Not So Bad

After a week and a half of horrible eating caused by PMS (or my total and complete lack of willpower…whatever. I prefer to blame PMS), the scale is headed in an upwards direction and I’m not too overjoyed about that. So I’ve started trying to control my eating, but we haven’t been to the grocery store in 3 weeks so we have no fresh fruits or veggies. We have nothing but noodles and rice. The carbs are killing me! I eat a small plate of starchy deliciousness and then in an hour I’m starving again. We really need to get to the supermarket but there are several problems, 1. We’re poor. 2. We’re poor. and 3. We’re really poor.

AWESOME!

At the end of this week after payday we’ll be able to go grocery shopping but we still don’t have a lot to spend, and inflation has just been killing me lately. When I first got to Chile I couldn’t believe that fresh produce was so dirt cheap. Now in the past months the prices of vegetables and fruit has gone up over 100%, milk and bread have also been on the rise. I’ve heard talk that this is a sign of Chile’s economy growing. Welcome to the developed world…where everything costs you and arm and a leg! But, I feel so bad for the people here who are truly poor. It’s pretty easy for me to notice inflation in food prices because we are very consistent in what we buy…always the basics, lots of fruits, vegetables, bread, milk, cereal, rice etc. Never anything too out of the ordinary (except when my husband’s cuico supermarket opens and I go CRAZY!). There was a time when we regularly spent about $50,000 pesos, or about $100 USD every two weeks on groceries. Now that’s gone up and I’m fairly positive we are still buying the same items. Now we spend about $60,000-65,000 pesos, or $120-130 USD each time. That’s not a huge increase but when you consider the fact that minimum wage is about $240 USD, spending an extra $20-30 bucks would take a serious chunk out of your monthly earnings.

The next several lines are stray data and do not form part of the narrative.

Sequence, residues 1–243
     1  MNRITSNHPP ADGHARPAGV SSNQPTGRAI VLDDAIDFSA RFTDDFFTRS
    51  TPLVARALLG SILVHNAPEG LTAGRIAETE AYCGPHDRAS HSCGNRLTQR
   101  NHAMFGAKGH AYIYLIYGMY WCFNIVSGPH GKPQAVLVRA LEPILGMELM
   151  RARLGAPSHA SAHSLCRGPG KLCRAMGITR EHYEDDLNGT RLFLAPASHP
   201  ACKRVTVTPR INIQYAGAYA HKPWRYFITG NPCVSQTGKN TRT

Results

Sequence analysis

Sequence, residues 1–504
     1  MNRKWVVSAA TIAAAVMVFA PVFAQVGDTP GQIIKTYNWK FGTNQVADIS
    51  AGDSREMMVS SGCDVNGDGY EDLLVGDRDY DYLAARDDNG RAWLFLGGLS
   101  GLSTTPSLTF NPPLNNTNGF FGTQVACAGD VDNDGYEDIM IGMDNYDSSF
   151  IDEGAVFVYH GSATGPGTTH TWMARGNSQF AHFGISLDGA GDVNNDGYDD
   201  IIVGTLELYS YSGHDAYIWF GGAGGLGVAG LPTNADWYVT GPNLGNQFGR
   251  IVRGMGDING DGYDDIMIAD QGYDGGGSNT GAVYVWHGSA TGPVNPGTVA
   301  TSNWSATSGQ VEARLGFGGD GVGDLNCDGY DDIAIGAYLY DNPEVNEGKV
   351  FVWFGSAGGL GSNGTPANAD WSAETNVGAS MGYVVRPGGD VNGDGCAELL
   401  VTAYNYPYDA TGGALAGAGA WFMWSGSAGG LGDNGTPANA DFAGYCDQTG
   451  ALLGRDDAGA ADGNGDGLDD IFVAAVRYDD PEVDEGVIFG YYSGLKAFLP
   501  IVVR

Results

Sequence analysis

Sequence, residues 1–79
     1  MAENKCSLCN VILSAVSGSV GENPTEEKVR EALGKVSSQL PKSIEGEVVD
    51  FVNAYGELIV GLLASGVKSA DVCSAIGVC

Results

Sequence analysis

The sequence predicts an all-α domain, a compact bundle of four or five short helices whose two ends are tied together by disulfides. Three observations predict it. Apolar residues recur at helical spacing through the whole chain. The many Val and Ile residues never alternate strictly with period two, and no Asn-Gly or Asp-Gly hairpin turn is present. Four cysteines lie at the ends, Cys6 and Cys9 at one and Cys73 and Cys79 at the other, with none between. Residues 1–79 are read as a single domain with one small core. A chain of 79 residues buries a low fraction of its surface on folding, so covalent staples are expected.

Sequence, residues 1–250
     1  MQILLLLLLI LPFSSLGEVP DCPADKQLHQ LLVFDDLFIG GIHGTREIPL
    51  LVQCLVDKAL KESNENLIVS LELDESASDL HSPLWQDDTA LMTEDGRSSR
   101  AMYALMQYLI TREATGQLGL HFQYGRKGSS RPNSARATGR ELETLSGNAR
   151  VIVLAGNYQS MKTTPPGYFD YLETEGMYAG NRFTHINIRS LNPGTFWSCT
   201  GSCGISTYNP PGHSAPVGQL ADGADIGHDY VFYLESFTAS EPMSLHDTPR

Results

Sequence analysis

I complain a lot about our financial situation. We have debt and that sucks big time. It may take us longer than we’d like to be able to move to another country. I’d like a big expensive flash for my camera.

I want to smack myself for just saying those things.

I seriously need to shut my pie hole. Compared to a lot of people in Chile, we are so much better off. Sure, we live in a room in a student residence that belongs to our parents. But, we have a roof over our heads. I might not be able to buy all my expensive imported foods from the US like peanut butter as much as I would like, but I never worry that we’re going to go hungry. Sometimes I light candles to help heat our room to save on energy costs. But we’ll never freeze because I can turn on the electric space heater whenever I want. We have electricity in our house.

Anyways, this entry turned into a total tangent and is not what I had intended to write about. Sometimes you just have to go with it. I guess the point that I’m trying to get to is that we’re not “really poor,” like I said in that first paragraph. We’re rich, and I should be more appreciative.

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Comments

  1. Chileno says: